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Sudan: MSF calls for visas for surgeons, nurses, and other staff

Without urgent action, MSF teams providing critical care may be forced to leave due to expiring visas.

Three MSF medical staff discuss patients at a mobile clinic in Wad Madani, Sudan.

Sudan 2023 © Ala Kheir/MSF

KHARTOUM, Sudan, August 8, 2023—Doctors Without Borders/Médecins Sans Frontières (MSF) is calling on Sudanese authorities to urgently grant visas so that the organization can continue to provide critical support to the Turkish Hospital in southern Khartoum, Sudan.

An MSF team has helped keep the hospital open amid an armed conflict that has forced many medical facilities to close. These staff may soon be forced to leave due to expiring visas. If long-awaited visas are not granted to new staff, including surgeons, nurses and other specialists, MSF may soon be forced to withdraw its support to the hospital.

Claire Nicolet, MSF’s emergencies manager for Sudan, gave the following statement:

“The MSF team who are currently present inside the hospital have worked tirelessly with our partners in the Ministry of Health for more than two months to keep the facility open—and to expand the services it provides. They have stayed even in the wake of a serious incident in which our team suffered an assault, death threats, and theft.

"Despite our commitment to continue working in this hospital, the life-saving care our team are providing is now threatened by our inability to bring new staff into the country.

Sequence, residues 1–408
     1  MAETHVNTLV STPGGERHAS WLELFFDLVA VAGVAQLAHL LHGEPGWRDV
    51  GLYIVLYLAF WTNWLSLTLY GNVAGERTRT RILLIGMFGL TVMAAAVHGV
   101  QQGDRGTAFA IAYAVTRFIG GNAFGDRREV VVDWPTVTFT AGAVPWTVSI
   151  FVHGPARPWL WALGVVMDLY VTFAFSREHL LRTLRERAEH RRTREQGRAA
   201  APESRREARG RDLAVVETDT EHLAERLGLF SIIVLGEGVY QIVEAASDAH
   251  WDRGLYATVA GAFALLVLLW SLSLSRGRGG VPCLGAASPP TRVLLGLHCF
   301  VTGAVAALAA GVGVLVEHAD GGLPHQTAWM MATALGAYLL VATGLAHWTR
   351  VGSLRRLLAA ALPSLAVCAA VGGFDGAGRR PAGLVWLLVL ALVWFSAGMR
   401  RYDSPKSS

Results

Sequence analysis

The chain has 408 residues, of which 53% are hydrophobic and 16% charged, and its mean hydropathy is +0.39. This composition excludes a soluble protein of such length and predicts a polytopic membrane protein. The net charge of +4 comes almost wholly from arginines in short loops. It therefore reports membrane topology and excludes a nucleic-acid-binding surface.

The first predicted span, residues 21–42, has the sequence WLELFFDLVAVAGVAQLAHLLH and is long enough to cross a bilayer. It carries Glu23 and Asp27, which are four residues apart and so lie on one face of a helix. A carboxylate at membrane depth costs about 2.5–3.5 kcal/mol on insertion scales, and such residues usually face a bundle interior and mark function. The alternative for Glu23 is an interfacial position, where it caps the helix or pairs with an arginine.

“The security situation and lack of fuel in Khartoum mean that every day brings a new challenge for our staff—on top of the daily challenge of keeping our patients alive. We need to be able to regularly replace our staff to keep meeting these challenges and providing life-saving care. We have a team on standby, ready to go—but without visas they cannot move. 

“Seven visas are critically required to replace our team in the Turkish Hospital. In addition to granting the visas we have already applied for, we are also appealing to the Sudanese authorities to put in place transparent processes for visa approval that will allow us to regularly replace our staff in the country.

“If we cannot bring in new staff, we will be forced to withdraw from the hospital. This will have a devastating impact on the people who remain in Khartoum who will need life-saving health care over the coming months.”

Responding to emergency needs

In the six weeks from mid-June to the end of July, MSF treated more than 3,800 patients in the Turkish Hospital. This included over 1,700 consultations in its emergency room—20 percent of which were war-wounded patients. In the same period, the hospital treated close to 800 people needing inpatient care, including more than 200 children. The majority of these pediatric cases have been neonates suffering from sepsis, jaundice, or malnutrition. Maternal health care is also a key service provided in this hospital, as is treatment for chronic diseases.

Sudan crisis response

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About MSF in Sudan

MSF has been responding to emergency needs in Sudan since armed conflict began in April and is currently working in 12 states: Khartoum, Kassala, Al-Jazeera, West Darfur, North Darfur, Central Darfur, South Darfur, Red Sea, El-Gedaref, Blue Nile, River Nile, and White Nile.

In and around Khartoum, in addition to the Turkish Hospital, MSF is providing surgical care to the war-wounded patients at Bashair Teaching Hospital, working in Al Nao Hospital in Omdurman, northwest Khartoum, and supporting other facilities. MSF currently has sufficient staff to maintain its activities in these other hospitals in Khartoum, but since the start of the conflict, the need to rotate new staff has been a recurring problem due to the ongoing difficulty in obtaining visas.


Sudan crisis response